The Data Concentrator system can be conveniently divided into electronic hardware, control software, and interconnection hardware. Each of these is described in turn below.
The Data Concentrator hardware  is based on the Instrument Bus Computer (IBC) circuit board, rack, and backplane . The IBC specification provides a cylindrical board rack optimized to fit 15 cm (6 in) inside diameter pressure housings, a "D" shaped circuit board form factor that fits the board rack and housing, and a 96 pin connector and backplane that provides power and data connections to each board. The boards provide CPU and I/O functions and can be mixed and matched as required for the specific application aboard the vehicle.
Circuit board design was driven by the general principle that any input or output signal passing through seawater be either optically isolated, or capable of being isolated via a double pole switch. These provisions add fault tolerance and greatly aid ground fault tracing, which can consume significant maintenance time on an operational vehicle. Selection of the IBC approach and design of the board set was undertaken after review of commercial alternatives, which revealed that most of the Tiburon I/O functions would require custom designs to implement these principles, regardless of the backplane standard (e.g. PC-104, Gespac, STD) chosen.
The original IBC architecture provided a 16-bit backplane and was optimized for micropower instrumentation applications. The ROV DCon applications are largely control oriented, with modest data rates, small code and data sizes, and minimal power constraints. This fact coupled with modern IC capability allowed the CPU, memory, and basic serial I/O to be placed on a single IBC board. This in turn demoted the backplane to a simple 8 bit I/O expansion bus, reducing the bus interface complexity on each I/O board and allowing more room for the I/O functions. (As a historical note, similar fates have overtaken the computer industry's standard 1980's backplane buses, as data rates have gone up and IC sizes have gone down.) Each board type is assigned an I/O address block within the backplane I/O address space, facilitating the software auto-identification feature described further below.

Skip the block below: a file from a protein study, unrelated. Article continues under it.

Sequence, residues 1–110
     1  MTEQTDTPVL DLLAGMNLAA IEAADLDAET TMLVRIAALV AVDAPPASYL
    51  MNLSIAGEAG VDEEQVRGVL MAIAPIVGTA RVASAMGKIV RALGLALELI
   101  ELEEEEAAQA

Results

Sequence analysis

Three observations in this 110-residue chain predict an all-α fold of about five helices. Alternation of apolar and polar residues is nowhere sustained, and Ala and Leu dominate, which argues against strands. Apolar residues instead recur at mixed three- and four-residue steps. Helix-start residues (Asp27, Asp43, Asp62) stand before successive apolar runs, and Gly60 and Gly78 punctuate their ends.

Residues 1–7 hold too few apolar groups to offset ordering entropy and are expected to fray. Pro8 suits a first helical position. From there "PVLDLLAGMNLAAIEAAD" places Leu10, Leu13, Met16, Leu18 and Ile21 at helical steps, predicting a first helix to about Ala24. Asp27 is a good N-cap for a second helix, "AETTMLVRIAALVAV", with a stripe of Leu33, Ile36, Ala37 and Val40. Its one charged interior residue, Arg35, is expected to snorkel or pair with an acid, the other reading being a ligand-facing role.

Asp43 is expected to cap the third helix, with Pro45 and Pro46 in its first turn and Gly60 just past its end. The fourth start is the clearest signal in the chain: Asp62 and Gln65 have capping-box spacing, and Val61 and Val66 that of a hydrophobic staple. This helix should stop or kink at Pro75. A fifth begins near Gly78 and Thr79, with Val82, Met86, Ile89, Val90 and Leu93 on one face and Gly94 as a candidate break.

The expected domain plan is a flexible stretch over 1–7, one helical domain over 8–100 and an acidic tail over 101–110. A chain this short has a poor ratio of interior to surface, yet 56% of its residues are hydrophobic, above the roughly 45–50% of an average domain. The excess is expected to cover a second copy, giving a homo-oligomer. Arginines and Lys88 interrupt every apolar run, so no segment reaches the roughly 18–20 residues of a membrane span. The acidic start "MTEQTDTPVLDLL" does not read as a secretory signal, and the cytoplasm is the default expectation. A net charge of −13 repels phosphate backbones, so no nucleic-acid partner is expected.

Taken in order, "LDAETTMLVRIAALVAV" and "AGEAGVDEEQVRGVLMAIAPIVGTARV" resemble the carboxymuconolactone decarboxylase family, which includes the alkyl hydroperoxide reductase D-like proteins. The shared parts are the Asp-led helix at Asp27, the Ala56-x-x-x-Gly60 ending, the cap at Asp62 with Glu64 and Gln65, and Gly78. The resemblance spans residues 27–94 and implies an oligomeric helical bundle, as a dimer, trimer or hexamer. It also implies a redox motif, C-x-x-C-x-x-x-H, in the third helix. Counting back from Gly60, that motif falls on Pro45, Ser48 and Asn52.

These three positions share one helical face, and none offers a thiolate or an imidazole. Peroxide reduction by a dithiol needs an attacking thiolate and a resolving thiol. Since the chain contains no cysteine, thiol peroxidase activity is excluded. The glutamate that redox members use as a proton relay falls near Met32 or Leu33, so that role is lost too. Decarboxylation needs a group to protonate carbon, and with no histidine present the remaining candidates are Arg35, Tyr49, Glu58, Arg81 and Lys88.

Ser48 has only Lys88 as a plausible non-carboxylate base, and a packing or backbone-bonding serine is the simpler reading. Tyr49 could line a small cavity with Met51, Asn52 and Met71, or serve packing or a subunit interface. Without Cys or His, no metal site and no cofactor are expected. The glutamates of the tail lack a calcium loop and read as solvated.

To date nine types of IBC boards have been designed and built at MBARI for use aboard Tiburon, with one board from the original WHOI instrumentation set in use as well. A brief description of the nine MBARI boards follows:
The Data Concentrator software provides access to the hardware I/O functions from the central computer and higher levels, and supports quick reconfiguration of the hardware in the field. With ten IBC board designs in nine different DCons, the software must also provide a consistent interface between the IBC hardware and the application software and end users.
Each IBC board type is supported by a generic software driver that is compiled and linked into each DCon's resident software module. The generic drivers provide access to the basic functionality of each board, e.g. "turn on switch", "read A/D channel", or "send serial character string". These basic functions are accessed by application software in the central computer to perform the bulk of the I/O functions in the DCon. The functions can also be accessed over the network by application software, or from the operator console, which allows new IBC boards to be installed, tested, and operated in the field without changes to the resident code in the DCon.
Some DCons also contains application specific software which provides additional functionality. This software can be used to close tight control loops, monitor special I/O devices, or implement autonomous functions such as emergency recovery sequences.
After a power-up or software reset, the DCon software searches the IBC board I/O address space and identifies each board installed and functioning in the backplane. While searching, the software performs a benign read or write to each defined address, and tests for the Transfer Acknowledge (XACK) signal returned by any board present. Since each board type is pre-assigned a block of addresses, the software can determine the function type of each board present. The software then allocates a data structure in RAM for each board recognized, and places a pointer to the structure in an IBC Board Table. Each structure includes generic items such as board type, base address, and interrupt level, as well as board-specific items such as baud rate and parity settings for serial channels, and voltage and current alarm levels for switches. All data items are initialized to safe default values, which can then be inspected and modified from the central computer for specific applications.